Preparing for the AIDS/LifeCycle is more than just getting on your bike and pedaling 545 miles over 7 days from San Francisco to Los Angeles. Its all about the relationships youdevelop, the people who grow into an adoptive family and support system. The ride itself — also known as the Love Bubble — is all too short. So how do you make the connections which will hold you over until ALC 2015? Training rides, of course!
ALC training rides are official events and are led by at least two ride leaders. The rides start out in October, and begin again in earnest in February. The training season extends through the spring and usually ends the weekend before the ALC (gives you a chance to party on Memorial Day). I just wrote a post about what is required for late starters, but this post is intended to get the reticent out for training. The reticent are those who want to tough it out on their own. My advice is that those people are missing ⅔ to ¾ of the fun.
Often, people will avoid training rides because: the rides are too hard; the other riders are too slow; the training ride leaders are too demanding; the rules are too onerous; the rides are too far away; the weather is too hot, too cold, too wet, or too dry; the person herself is too much of a stud to ride with all those noobs. I’m here to tell you that those are horrible reasons to skip official training rides.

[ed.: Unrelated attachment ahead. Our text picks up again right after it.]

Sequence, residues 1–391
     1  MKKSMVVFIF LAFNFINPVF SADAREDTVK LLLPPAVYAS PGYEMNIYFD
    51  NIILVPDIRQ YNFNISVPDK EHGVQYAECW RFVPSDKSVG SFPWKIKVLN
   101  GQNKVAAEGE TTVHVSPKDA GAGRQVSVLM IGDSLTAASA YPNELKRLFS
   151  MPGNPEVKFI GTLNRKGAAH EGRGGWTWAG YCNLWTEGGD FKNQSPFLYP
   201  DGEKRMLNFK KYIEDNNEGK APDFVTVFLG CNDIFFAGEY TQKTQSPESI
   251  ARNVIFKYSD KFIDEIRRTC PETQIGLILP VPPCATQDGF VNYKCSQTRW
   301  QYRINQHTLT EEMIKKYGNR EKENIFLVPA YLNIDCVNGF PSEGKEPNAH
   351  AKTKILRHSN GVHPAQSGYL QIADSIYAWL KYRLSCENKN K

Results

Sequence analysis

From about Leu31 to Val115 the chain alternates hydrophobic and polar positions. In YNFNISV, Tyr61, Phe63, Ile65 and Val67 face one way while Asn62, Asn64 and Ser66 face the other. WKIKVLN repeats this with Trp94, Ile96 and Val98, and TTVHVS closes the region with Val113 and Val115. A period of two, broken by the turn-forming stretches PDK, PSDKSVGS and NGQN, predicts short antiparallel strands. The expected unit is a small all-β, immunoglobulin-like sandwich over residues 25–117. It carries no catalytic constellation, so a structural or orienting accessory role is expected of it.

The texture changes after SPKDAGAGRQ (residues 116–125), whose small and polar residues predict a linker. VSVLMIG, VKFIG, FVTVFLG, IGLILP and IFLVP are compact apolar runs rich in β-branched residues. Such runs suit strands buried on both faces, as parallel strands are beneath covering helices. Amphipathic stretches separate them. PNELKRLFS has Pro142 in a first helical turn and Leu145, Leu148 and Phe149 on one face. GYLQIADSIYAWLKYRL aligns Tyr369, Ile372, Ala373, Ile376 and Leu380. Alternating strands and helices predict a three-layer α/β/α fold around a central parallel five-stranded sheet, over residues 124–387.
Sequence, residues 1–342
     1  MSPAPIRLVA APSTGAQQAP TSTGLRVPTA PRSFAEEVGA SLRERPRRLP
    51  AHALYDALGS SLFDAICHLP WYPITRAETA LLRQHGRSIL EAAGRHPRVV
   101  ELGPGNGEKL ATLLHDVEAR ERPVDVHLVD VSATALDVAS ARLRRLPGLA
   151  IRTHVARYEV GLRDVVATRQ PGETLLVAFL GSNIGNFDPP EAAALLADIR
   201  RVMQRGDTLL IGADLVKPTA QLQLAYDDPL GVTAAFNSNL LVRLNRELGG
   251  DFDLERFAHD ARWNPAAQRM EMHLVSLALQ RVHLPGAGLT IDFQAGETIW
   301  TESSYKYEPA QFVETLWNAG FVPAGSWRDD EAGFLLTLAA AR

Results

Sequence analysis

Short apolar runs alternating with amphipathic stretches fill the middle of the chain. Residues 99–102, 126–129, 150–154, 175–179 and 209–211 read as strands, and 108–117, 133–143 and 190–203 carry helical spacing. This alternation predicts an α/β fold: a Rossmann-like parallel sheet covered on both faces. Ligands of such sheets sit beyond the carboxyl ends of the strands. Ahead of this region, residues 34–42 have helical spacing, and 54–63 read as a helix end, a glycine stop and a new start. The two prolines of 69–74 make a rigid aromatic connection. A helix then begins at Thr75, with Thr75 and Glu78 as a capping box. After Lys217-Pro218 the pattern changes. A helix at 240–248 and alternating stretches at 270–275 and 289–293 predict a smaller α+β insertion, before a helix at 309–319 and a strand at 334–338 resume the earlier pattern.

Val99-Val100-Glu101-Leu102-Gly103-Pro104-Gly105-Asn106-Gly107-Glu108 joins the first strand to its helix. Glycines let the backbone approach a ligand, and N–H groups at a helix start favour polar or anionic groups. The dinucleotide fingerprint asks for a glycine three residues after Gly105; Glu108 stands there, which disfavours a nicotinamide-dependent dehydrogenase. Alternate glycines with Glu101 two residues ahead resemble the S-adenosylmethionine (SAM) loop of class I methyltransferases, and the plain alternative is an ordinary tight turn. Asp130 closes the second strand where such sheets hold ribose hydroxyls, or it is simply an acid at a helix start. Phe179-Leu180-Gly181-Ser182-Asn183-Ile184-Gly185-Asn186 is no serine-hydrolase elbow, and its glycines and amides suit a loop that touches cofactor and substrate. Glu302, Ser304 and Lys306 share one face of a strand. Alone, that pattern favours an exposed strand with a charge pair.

For experienced riders: If you’re more experienced, I urge you to take a new rider under your wing for some space of time: before the ride starts, until a rest stop, during lunch, or for the whole day. Explain to her what appeals to you about riding. Give her some tips and tricks to make cycling easier. Listen to her when she tells you about her aches and pains. And report any serious concerns to a TRL who can hook her up to resources which may help. You may have to slow down a bit to do this, but spreading the good word about cycling will reap rewards more fulfilling than an increased heart rate.
For new riders: If you’re a new rider, don’t be shy to ask questions of the ride leaders or more-experienced riders. Ask someone to ride behind you for a short while to give you tips about pedaling, how to shift, or whether your bike is functioning property. He may not know, but odds are the conversation will generate some useful information.
If the ride is too difficult, ask a training ride leader. He may be able to direct you to a shorter or less onerous route. But all AIDS/LifeCycle official training rides are “swept,” meaning that someone will help you get up the hill so long as you are willing to try. And if you are consistent about training, you will make it up those hills! Training ride leaders also have some knowledge and experience with bicycle function, nutrition, stretching, and training. If you skip the training rides, you’re missing out on a lot of fun and knowledge.
For training ride leaders: There is nothing I enjoy more than leading and AIDS/LifeCycle training ride. The thrill of talking about my sport to others eager to learn makes it that much more enjoyable. Watching as new riders progress and exceed their goals is also satisfying. And it teaches me how to be a better, safer, and more efficient rider. I encourage everyone who’s completed an AIDS/LifeCycle to register to be a TRL in 2015 (look for notices on the website over the summer).
The gist is: if you’re skipping official training rides, you’re cheating yourself out of an awesome experience.